represent our work. How is it that someone could think all we're doing 
is to put in a day's labour on the assembly line? What are we doing 
wrong, or not doing? My own guess is that we're falling down by failing 
to communicate the genuine research we're doing in such a way that it 
can be understood *as research*. We don't sport the label of a 
*science*, and so no one will come to what we do with a flattering 
assumption about it.

There may also be a problem for us with the label that seems now to have 
taken over, i.e. "digital humanities". It comfortably convers anything a 
humanist does involving digital stuff, most of which isn't research 
except in the field of application, if there. So blanketing everything 
we do is a thick, muffling carpet of trivial applications dressed up in 
trendy colours. It certainly doesn't help that yet again we're told that 
since quite soon everything in the humanities will be digital, the term 
is more or less tautological and us specialists are reaching our point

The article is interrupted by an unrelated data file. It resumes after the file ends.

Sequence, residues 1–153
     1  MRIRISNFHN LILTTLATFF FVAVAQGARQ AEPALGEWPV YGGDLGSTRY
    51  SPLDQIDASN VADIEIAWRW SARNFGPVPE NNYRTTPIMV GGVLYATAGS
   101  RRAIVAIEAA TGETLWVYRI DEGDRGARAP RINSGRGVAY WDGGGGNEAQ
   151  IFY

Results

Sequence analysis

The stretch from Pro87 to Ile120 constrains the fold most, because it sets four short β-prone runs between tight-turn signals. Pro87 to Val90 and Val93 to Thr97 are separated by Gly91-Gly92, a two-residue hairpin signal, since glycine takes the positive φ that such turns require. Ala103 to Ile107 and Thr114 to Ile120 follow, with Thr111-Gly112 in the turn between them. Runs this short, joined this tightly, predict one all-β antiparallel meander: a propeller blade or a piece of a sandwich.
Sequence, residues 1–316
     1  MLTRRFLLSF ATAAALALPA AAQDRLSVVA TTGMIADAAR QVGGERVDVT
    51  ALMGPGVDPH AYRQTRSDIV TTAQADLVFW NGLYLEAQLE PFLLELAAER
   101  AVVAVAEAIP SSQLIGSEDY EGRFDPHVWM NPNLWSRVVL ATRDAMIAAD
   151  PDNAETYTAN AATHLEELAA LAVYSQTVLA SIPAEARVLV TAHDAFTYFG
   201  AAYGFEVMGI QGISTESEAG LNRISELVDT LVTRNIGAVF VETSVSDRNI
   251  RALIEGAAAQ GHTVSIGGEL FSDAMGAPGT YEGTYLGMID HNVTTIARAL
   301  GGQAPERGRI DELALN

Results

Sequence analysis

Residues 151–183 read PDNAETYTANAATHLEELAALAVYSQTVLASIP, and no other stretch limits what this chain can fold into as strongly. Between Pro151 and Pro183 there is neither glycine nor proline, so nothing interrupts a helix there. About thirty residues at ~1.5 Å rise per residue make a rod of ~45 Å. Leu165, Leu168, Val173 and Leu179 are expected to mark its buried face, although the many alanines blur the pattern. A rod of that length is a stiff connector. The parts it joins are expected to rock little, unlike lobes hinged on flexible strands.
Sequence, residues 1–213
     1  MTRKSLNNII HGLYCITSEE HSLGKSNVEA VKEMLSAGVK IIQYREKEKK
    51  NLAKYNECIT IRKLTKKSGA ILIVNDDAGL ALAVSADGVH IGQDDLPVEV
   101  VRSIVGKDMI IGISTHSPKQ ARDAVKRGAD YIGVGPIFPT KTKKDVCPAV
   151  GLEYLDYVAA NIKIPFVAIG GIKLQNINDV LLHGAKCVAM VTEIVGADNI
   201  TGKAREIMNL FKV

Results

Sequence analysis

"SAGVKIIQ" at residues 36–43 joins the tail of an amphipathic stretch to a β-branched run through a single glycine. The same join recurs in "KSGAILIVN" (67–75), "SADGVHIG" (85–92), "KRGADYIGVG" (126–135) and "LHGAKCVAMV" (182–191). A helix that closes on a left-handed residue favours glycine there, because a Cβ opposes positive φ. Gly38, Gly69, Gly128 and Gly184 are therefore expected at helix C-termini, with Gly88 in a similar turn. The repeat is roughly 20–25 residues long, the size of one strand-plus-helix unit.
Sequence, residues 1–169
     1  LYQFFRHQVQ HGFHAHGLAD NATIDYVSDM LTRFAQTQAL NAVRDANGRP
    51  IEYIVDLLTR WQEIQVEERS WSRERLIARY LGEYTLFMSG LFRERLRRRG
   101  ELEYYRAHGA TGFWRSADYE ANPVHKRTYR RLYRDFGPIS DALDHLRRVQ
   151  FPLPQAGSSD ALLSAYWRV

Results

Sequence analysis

of professional obsolescence -- though some will continue to be needed 
to do the XML equivalent of fix the printer.

What can we point to that is both intellectually exciting and not the 
property of computer science? How would you attract an intellectually 
exciting person who wanted to do his or her own research (as opposed to 
get a job doing someone else's)? Have we forgotten what it is to be 
ourselves excited by the radiant energy of our primary materials?

Willard McCarty, Professor of Humanities Computing,
King's College London, staff.cch.kcl.ac.uk/~wmccarty/;
Editor, Humanist, www.digitalhumanities.org/humanist;
Interdisciplinary Science Reviews, www.isr-journal.org.